Myth two. The US has no significant strategic interest in the outcome of the Syrian conflict. ie this is primarily a humanitarian issue or one of honor for the US president.
There are variations on this theme and it is a popular one amongst certain political commentators charged to fill blank paper and computer screens with words and pictures and as well amongst right wing political opponents of Obama who see the unpopularity of US intervention in the Syria war as an opportunity to score points to be saved for upcoming elections.
Syria was not an issue that affected the U.S. national interest until Obama declared a red line. It escalated in importance at that point not because Syria is critical to the United States, but because the credibility of its stated limits are of vital importance. Obama’s problem is that the majority of the American people oppose military intervention, Congress is not fully behind an intervention and those now rooting the United States on are not bearing the bulk of the military burden — nor will they bear the criticism that will follow the inevitable civilian casualties, accidents and misdeeds that are part of war regardless of the purity of the intent.
Friedman’s articles are well reasoned but because he ignores the class divide and tends toward the short term perspectives of the business class he is missing the historical force at work. The issue at stake for the US rulers is not symbolism but real material power.
The idea has only meaning in certain contexts. For most of us working people who happen to live in the United States, we have no strategic interest in military intervention in Syria. We have on the contrary a great interest not to to be killed or to have our sons or daughters die half way around the globe in the middle of an intractable and ruthless civil war. From a broader point of view as member of the working class we also have an interest in establishing a world free from brutal contests over the control of territory, natural resources and markets for goods. And so we have a real interest in opposing this latest military drive on the part of the current administration as we have had in opposing such interventions and wars dating back at least to US imperial manipulations in the Spanish American War.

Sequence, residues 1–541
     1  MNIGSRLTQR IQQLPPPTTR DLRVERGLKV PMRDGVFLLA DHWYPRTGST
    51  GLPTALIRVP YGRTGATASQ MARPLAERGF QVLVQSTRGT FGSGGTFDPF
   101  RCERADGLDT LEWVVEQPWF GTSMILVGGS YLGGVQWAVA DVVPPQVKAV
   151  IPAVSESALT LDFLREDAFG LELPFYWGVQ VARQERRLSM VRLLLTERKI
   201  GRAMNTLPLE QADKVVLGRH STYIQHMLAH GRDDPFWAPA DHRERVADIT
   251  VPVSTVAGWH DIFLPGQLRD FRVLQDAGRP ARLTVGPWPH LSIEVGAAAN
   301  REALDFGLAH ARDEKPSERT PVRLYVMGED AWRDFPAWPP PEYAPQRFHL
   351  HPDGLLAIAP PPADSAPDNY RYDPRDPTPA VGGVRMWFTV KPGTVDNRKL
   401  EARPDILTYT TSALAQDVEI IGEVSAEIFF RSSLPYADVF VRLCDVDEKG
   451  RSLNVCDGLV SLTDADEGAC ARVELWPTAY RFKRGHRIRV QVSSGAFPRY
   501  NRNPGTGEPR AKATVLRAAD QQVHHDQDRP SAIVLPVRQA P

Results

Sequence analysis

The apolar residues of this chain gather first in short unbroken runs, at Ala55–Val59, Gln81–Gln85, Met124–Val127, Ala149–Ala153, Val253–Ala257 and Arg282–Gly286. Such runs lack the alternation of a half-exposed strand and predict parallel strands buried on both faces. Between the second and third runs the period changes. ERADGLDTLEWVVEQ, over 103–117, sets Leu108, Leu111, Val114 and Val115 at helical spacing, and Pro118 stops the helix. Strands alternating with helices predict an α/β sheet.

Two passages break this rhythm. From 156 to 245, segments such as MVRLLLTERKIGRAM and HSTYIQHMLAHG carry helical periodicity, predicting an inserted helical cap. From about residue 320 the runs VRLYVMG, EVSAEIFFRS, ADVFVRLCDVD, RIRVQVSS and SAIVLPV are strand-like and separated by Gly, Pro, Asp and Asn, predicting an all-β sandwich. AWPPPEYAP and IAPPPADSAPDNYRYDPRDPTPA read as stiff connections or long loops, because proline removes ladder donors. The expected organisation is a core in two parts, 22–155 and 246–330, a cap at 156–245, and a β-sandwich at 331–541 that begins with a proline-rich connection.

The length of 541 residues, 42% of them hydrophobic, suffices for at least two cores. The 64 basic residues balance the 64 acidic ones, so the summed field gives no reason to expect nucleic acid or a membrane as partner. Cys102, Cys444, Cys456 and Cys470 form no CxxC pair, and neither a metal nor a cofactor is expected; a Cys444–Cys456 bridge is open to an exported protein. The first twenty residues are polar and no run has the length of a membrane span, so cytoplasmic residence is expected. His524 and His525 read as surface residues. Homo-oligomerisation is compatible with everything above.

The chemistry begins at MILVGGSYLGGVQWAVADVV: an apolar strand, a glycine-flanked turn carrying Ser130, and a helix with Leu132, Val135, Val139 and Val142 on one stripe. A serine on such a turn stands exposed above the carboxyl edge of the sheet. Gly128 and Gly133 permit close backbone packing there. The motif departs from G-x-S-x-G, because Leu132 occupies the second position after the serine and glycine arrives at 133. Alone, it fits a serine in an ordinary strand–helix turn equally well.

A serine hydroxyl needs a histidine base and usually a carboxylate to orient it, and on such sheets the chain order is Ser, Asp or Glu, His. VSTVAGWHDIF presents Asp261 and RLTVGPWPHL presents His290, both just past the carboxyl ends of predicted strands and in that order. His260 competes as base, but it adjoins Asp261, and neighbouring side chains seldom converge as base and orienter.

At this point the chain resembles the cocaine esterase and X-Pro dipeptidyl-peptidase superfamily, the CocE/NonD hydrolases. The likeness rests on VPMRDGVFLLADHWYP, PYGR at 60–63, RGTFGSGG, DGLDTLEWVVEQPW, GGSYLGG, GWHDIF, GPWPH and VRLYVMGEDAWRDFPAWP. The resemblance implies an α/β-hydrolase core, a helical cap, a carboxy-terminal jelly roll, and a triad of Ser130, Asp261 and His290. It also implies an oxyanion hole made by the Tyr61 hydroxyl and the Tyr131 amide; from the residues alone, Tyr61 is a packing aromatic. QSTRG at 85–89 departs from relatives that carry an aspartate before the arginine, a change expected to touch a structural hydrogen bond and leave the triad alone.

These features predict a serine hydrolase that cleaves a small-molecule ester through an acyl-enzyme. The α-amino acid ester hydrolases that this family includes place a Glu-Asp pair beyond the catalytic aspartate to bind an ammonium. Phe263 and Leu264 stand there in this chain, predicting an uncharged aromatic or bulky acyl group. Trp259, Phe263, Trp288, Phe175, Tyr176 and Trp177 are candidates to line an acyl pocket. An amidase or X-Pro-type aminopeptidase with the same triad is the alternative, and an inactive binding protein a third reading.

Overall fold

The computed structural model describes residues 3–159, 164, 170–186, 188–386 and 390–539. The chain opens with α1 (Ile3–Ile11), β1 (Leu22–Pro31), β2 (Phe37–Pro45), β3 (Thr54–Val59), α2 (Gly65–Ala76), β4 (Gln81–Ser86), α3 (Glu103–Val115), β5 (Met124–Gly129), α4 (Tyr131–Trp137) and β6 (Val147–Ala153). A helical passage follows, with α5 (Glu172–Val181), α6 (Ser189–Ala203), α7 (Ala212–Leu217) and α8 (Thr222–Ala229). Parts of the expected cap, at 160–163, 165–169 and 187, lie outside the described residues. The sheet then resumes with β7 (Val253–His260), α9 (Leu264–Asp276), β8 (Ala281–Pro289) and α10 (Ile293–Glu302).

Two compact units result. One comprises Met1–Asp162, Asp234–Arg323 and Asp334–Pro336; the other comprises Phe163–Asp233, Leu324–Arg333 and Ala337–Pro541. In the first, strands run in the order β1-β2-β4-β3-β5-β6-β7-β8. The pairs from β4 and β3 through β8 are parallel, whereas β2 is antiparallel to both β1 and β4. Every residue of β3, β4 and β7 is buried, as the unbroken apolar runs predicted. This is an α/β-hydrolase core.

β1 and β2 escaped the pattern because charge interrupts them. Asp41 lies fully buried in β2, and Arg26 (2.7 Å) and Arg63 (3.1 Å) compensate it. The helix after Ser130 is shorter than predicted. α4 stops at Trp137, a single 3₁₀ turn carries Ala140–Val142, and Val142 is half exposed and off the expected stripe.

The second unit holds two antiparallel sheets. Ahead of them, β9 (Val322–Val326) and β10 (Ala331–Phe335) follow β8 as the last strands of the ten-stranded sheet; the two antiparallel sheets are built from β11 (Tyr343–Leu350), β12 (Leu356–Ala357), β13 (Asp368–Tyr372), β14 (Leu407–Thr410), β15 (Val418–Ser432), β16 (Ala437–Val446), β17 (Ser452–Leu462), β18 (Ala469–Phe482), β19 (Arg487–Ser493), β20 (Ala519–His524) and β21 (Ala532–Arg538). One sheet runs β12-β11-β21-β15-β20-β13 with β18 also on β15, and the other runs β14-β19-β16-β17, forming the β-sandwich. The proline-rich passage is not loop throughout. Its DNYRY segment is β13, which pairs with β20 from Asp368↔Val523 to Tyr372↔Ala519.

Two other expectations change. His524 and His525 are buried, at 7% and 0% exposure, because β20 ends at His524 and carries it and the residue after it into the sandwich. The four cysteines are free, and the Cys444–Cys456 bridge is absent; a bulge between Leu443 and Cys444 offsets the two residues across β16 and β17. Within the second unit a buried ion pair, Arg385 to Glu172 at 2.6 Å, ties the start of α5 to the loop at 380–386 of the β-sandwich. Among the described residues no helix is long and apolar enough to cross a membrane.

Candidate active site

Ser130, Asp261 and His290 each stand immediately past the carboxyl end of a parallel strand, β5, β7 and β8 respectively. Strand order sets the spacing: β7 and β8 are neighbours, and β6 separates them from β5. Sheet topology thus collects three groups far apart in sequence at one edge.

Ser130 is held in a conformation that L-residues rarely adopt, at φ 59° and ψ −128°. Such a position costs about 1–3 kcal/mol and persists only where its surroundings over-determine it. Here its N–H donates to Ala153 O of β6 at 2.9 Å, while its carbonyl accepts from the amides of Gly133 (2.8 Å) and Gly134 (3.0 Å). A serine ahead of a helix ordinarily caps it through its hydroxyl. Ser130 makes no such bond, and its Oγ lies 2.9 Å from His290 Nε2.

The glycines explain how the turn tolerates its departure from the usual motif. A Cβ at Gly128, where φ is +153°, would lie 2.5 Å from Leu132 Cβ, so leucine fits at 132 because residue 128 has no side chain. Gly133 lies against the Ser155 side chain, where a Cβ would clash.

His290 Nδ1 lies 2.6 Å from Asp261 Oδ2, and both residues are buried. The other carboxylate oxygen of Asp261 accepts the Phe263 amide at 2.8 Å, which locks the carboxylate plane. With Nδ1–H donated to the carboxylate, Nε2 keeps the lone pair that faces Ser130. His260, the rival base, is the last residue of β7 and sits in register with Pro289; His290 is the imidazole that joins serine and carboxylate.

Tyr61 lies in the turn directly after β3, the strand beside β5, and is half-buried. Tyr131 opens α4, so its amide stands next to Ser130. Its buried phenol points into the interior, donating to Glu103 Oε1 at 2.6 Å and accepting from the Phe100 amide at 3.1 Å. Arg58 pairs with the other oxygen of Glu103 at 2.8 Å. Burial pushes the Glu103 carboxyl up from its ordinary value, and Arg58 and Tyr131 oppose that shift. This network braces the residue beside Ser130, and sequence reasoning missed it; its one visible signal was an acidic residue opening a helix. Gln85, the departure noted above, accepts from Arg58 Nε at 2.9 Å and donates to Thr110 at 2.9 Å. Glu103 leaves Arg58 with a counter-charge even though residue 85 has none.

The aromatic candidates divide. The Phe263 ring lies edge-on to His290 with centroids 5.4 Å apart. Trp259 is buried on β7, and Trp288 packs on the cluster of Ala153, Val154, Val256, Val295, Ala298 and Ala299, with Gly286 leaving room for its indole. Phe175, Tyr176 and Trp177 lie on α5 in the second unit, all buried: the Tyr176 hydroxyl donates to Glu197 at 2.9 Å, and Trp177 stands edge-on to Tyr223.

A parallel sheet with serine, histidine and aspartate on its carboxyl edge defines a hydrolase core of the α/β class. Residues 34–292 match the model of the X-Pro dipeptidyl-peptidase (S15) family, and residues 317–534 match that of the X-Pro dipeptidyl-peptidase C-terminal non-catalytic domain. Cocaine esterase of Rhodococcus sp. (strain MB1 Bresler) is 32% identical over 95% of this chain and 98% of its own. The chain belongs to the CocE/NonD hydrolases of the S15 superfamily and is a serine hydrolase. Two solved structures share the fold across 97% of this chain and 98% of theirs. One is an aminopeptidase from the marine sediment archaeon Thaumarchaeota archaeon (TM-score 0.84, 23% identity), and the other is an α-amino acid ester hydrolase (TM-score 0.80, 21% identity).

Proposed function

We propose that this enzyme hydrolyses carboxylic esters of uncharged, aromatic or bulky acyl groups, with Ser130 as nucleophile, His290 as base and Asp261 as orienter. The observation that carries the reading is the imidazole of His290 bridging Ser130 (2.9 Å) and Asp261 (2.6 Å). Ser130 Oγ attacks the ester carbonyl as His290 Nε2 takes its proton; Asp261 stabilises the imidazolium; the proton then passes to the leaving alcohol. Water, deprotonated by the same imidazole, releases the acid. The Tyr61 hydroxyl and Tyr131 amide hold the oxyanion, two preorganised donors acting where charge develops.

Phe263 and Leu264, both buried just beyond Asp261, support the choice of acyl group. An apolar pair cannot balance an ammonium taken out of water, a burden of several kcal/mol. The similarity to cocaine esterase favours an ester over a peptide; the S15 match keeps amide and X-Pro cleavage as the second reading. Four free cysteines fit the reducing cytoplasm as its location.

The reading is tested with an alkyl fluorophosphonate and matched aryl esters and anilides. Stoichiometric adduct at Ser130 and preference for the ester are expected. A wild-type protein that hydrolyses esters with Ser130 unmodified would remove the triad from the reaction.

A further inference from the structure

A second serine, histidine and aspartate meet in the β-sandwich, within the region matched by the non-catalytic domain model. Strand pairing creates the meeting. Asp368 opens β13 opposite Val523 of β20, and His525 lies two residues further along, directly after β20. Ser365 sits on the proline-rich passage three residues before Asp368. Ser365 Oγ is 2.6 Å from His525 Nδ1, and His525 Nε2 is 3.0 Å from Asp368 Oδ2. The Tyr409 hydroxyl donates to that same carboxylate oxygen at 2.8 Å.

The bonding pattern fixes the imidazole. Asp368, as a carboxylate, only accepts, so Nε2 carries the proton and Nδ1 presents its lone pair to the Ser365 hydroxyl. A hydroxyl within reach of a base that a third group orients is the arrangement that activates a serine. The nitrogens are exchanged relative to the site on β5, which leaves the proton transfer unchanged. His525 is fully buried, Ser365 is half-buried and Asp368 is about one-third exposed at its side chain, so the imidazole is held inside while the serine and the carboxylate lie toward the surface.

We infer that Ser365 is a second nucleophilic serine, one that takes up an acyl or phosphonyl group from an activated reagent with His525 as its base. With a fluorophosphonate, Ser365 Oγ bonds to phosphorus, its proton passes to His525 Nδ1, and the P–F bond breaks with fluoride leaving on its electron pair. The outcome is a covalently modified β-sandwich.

If this class separation is understood then it is also understood that while we have a strategic interest to stop this war they have a conflicted interest to prosecute it and to use us as it’s agents and ultimately victims in the slaughter. They, the social class that dominates American society, and whose privileged class position is such that they benefit from the profits drawn from the surplus product of our labor, have a dire strategic interest in the Syrian conflict. They do, so much so, that despite the somewhat calamitous results of over a decade of foreign interventions, the deep divisions which exist in their own house (don’t believe for a minute that Rand Paul is some sort of working class progressive), the profound and public opposition of a majority of American working people, and the ambivalence of large sectors of the US middle class, they go, like a gambler, back to the table to do it again.
It is the following statement from President Obama himself that most clarifies the point.